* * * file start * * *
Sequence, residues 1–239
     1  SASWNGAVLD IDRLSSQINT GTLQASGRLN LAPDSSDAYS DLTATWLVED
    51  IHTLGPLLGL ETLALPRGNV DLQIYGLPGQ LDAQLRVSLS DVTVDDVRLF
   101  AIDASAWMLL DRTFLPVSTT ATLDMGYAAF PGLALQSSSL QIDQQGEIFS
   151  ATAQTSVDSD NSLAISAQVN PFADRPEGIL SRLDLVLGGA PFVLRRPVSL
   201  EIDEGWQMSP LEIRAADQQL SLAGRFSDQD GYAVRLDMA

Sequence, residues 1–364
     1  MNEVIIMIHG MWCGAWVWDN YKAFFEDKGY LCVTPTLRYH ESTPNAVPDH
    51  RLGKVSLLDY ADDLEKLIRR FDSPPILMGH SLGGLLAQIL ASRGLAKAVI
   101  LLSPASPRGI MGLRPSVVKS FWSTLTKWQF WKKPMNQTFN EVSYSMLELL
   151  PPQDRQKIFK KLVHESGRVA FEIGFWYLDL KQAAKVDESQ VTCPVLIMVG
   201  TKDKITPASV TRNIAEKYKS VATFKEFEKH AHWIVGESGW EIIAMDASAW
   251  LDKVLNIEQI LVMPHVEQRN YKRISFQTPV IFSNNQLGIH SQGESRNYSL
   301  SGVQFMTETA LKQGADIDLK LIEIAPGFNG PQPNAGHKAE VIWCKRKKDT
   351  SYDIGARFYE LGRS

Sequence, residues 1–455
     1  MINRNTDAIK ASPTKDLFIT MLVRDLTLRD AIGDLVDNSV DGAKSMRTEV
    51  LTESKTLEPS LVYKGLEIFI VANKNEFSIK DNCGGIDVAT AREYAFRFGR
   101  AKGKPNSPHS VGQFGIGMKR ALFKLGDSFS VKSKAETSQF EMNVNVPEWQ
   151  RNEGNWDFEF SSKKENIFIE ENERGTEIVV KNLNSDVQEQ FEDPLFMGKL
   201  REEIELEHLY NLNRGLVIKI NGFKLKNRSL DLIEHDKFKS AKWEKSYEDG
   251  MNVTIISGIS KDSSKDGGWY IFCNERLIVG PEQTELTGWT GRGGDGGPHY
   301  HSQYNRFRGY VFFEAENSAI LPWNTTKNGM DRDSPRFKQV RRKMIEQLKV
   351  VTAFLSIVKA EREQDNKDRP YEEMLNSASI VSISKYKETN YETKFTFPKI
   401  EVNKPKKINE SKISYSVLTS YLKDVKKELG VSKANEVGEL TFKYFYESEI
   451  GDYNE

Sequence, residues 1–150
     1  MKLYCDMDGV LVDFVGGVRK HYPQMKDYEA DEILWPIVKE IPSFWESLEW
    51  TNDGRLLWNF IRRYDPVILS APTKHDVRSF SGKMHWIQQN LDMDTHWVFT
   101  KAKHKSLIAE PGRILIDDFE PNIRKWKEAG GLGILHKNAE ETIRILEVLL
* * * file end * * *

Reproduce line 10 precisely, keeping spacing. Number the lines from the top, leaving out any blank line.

   101  LLSPASPRGI MGLRPSVVKS FWSTLTKWQF WKKPMNQTFN EVSYSMLELL